The 4 Fs dominate Danny Beeler’s life

Tom KingInside 640, Our Town Heroes

Faith. Family. Firefighting. Football.


These words define the life of Knoxville Fire Department Asst. Chief Danny Beeler, a true Our Town Hero whose life has been one of service to the city, his religion, his family and football.

“I’d never thought about my life like this with these four Fs, but yes, it’s true. I’m a Christian first and my faith weaves its way through my life and leads my life whatever I’m doing. My faith is my core value. The family, my fire department life, and football are my passions,” Beeler said.

Danny Beeler

And seven months from now one passion will end – his almost 33 years with the KFD. He is retiring Dec. 31, 2020. He almost choked up talking about it. “I try not to think about it. I will miss the people. It’s been part of my entire life. Being at the fire halls. I really don’t know..,” he said, his voice trailing off.

Beeler, 62, is a third-generation KFD member. Great uncle Capt. Worley Sharp died of a heart attack while returning from a fire in the 1960s. He also was the KFD barber in the old fire headquarters on Commerce Street. Beeler’s father was Asst. Chief Lynn Beeler, who worked at KFD for 33 years. “I was born into and loved it back then and love it now,” he said.

His decision to follow in Dad’s footsteps was easy. “It gets into your heart and I grew up seeing the pride my Dad had for his work. Dad used to come to the schools and put on programs with his uniform and the engines and it captivated me,” Beeler said. “It was cool. All my friends knew Dad.”

Another “F” in his life story is Fulton High School. Beeler is a Lincoln Park product through and through. Before Fulton he was at Lincoln Park Elementary School and Christenberry Middle. He grew up on Cedar Avenue with his parents and his sister.

Now, let’s break down the four Fs:

  • Faith: He is an ordained deacon at The Church at Sterchi Hills but not serving actively now. He grew up at North Knoxville Baptist Church.
  • Family: Wife Jayme is the manager of the Highland Memorial Funeral Home & Cemetery. He is the father of three daughters – Leigha, Lori and Leslie – plus five grandchildren and two great-grandchildren.
  • Firefighter: Is the Asst. Chief /Fire Marshal at KFD. He began his career in September 1988 at the old Station 3 fire hall behind old Knoxville High School.
  • Football: First, he was a high school tight end at Fulton and played collegiately at the University of North Alabama. He’s been a TSSAA high school football official and referee for 32 years and today is in his eighth year as supervisor of officials for a large swath of East Tennessee. That’s 40 years of high school football. He has been the SEC’s play clock official at all University of Tennessee home football games since 1992. He began this pressure-packed job under Phillip Fulmer and has held it through the tenures of Lane Kiffin, Derek Dooley, Butch Jones and now Jeremy Pruitt.

His schedule is packed in the fall. Monday through Friday he’s in his office at the City-County Building or investigating suspicious fires for arson. He will be at high school football games on Thursday and Friday nights and sometimes on Saturday when the Vols are not playing.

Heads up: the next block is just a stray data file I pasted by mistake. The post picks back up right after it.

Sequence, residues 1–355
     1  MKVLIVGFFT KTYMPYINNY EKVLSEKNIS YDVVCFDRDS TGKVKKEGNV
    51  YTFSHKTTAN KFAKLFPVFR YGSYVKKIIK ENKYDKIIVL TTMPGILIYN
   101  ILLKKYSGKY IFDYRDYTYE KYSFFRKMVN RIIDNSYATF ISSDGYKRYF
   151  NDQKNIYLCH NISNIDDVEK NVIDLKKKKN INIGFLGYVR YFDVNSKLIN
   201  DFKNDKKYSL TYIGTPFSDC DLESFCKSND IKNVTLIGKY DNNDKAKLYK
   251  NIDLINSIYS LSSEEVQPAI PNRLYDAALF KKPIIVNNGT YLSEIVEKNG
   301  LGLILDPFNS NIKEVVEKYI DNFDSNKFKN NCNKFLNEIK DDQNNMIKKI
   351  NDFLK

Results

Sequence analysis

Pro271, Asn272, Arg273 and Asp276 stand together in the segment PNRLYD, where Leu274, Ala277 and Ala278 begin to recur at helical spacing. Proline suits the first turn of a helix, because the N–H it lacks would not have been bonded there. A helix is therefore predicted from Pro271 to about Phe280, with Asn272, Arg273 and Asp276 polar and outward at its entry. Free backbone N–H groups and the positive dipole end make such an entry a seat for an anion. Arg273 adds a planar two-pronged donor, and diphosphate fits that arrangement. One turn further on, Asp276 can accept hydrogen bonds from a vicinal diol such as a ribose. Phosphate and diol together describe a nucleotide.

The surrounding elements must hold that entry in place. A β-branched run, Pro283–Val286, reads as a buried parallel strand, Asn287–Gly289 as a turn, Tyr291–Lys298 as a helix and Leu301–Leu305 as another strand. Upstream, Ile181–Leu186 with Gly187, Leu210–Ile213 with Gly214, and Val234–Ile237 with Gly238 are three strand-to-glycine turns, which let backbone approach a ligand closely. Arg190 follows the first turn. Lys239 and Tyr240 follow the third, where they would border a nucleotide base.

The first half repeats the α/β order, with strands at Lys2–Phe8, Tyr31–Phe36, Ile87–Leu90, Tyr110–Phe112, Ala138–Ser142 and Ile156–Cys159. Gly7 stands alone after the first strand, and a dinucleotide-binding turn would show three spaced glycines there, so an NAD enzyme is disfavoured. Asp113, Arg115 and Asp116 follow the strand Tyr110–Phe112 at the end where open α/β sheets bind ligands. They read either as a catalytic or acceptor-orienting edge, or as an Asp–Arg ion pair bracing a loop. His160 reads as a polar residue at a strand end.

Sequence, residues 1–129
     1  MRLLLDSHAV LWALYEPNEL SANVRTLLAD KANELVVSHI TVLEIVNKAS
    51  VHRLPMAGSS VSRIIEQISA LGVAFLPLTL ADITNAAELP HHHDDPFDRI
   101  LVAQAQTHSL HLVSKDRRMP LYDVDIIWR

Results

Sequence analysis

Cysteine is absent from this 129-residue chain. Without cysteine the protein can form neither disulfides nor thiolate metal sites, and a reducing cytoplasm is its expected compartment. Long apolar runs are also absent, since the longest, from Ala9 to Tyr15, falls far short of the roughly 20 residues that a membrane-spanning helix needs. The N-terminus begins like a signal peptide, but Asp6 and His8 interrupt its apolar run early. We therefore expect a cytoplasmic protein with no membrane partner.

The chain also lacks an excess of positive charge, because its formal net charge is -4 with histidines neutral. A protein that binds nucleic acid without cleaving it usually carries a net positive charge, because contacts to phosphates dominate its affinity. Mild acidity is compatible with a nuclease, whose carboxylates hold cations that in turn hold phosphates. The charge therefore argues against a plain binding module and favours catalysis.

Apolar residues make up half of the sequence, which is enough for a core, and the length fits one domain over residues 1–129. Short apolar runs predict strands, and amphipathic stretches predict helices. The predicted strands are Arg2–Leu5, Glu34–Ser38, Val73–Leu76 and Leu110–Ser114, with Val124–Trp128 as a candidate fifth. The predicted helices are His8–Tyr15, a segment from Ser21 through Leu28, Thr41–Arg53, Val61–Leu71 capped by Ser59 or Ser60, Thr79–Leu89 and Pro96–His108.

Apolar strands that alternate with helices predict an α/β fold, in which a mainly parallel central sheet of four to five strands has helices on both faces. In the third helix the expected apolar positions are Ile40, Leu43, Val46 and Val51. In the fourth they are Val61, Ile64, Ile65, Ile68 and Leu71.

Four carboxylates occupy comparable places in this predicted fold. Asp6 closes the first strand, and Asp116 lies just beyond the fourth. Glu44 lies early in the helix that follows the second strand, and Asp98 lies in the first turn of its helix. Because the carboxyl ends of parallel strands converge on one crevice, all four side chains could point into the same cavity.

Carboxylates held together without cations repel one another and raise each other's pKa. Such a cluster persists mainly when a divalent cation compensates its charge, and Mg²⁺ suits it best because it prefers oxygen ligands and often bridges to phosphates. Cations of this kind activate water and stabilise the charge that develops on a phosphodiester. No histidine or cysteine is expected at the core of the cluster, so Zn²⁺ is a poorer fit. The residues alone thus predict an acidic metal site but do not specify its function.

He’s had seven knee surgeries, and a surprisingly few six of them have come from his firefighting career.

On Monday, May 9, 1994, KPD firefighters were working to knock down a wildland fire on Sharps Ridge. Beeler and a hose got tangled up on top of a fire truck. He took a hard fall – fractured skull, blood and spinal fluid coming from his ears, convulsions, a separated shoulder, broken wrist, an injured knee and three broken ribs. He spent some time at St. Mary’s Medical Center. He still has no memory of the accident or anything else for the following two months.

Eventually, he left firefighting and joined the arson investigative unit in 2004. In 2006 he earned a bachelor’s degree in fire administration from the University of Memphis and also has a degree from Columbia Southern University in occupational safety and health.

Focusing on his arson investigative job, he and his staff of five are also certified police officers. They carry weapons and have arrest powers. “Investigating arson crimes can be very dangerous, and you never know what will happen,” he explained. “Most of the arson crimes are residential where someone is trying to collect insurance, and we also see a lot of commercial arson, especially when vacant buildings burn.”

Back to this life in retirement issue. What are his plans? “We’re talking about buying a motor home and traveling,” he said. “Jayme makes unique pieces of jewelry – glass beads, necklaces, bracelets, bottle stoppers and even letter openers. We’ll go to craft fairs and festivals and probably set up a booth here and there.” Their plan is to leave after Christmas and come home in August.

But not much traveling in the fall. There’s football then, you know.

Editor’s Note: This is part of a weekly series – Our Town Heroes – highlighting Knoxville’s emergency-service professionals. If you have suggestions about a first responder/emergency-services professional to feature, email Tom King or call him at 865-659-3562.

 

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